Sometimes we discover things that do have the potential to harm us. You may have read recently that arsenic in rice, beer, and fruit juices poses a health hazard. It is agreed that inorganic arsenic poses a health hazard, and there are no federal limits for it in juice, rice, or most other food. Of particular concern is arsenic consumption by children. In May 2014 the Food and Drug Administration (FDA) announced that they are "conducting a risk assessment as the next step in a process to help manage possible risks associated with the consumption of rice and rice products". I believe that this is a matter worth watching, and that eaters of rice should seek rice with the lowest levels of arsenic. Articles in Consumer Reports magazine, the most recent in the January 2015 issue, are useful in learning about this issue.

Can we trust the FDA? The FDA has done much good work to recognize danger to us from food and drugs. It is worth watching their pronouncements. Can we believe that they are totally unbiased and always correct? Well, I am a believer in having skepticism of scientific results. It is well to examine the source of information to be sure the researcher is competent and unbiased, and then it is well to be alert for the confirmation of results, since even the most honest and well-meaning scientist can make a mistake. In our household we are continuing to eat rice, but we seek a product with low arsenic levels, and we limit our consumption.

So how do we tell whose data and results are less likely to be wrong and are not biased? One must always be skeptical of those who are likely to gain from the results. To that end, I have a good deal of faith in Consumer Reports magazine, in articles published in respected scientific journals (for example, Science, the monthly publication of the AAAS, the American Association for the Advancement of Science), a little less faith in government agencies (politics!), and real skepticism of newspaper and magazine articles that only reflect the opinions of the writer. One of the tenets of science is that one personís opinion should be reviewed and verified by others before publication. Even then mistakes are made, some accidentally, and some willingly. (We will talk about Cold Fusion as an example in a later article.)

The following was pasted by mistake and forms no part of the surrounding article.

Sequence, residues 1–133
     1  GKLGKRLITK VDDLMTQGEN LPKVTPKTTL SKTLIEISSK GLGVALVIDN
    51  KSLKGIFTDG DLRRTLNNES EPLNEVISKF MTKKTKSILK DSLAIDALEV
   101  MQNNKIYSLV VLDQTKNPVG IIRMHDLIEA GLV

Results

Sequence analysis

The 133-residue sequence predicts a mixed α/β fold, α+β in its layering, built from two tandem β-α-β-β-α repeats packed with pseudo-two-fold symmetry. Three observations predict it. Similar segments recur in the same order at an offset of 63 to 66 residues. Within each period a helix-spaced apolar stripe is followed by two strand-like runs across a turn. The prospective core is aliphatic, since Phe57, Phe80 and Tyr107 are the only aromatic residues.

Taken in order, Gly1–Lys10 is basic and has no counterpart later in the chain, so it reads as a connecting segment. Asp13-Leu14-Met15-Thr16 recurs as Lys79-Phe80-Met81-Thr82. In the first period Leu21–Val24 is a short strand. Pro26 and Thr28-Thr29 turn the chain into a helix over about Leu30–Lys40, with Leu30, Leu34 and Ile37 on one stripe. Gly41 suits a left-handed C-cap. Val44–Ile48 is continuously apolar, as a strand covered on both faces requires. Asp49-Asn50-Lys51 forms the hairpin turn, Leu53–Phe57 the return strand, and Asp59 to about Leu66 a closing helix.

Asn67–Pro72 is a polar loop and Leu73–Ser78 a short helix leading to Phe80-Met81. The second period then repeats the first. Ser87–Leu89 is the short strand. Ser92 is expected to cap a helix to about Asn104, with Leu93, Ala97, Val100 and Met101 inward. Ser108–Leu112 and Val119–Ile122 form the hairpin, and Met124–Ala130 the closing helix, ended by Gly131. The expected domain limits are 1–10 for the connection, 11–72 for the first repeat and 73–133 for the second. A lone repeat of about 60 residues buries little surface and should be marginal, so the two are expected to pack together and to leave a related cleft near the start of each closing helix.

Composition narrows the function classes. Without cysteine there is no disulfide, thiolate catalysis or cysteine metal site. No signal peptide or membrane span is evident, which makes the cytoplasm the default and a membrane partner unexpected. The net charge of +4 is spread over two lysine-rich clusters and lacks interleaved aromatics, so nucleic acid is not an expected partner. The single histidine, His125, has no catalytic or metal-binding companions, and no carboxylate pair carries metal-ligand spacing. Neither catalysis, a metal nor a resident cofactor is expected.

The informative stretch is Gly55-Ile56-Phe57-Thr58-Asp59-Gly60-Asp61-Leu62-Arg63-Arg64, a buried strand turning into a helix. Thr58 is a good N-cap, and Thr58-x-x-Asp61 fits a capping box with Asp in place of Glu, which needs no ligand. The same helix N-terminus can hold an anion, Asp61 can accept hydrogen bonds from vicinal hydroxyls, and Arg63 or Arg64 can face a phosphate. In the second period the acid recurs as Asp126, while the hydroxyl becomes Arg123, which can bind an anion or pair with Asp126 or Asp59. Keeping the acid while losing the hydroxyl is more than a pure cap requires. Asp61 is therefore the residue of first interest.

Finally it is well to take note of the presence of the phrase, "This product has not been evaluated by the Food and Drug Administration". When you see this phrase, beware! The product may not hurt you, but it usually means it has not been proven that it will do you any good. Many, many ads on television and even full-page or multi-page advertisements in respected newspapers and magazines for products to improve your health have this phrase on them. It usually means that it has no proven positive effect, other than to potentially make money for the seller.

Michael is former chemistry professor at Mount. St. Marys

Read other articles by Michael Rosenthal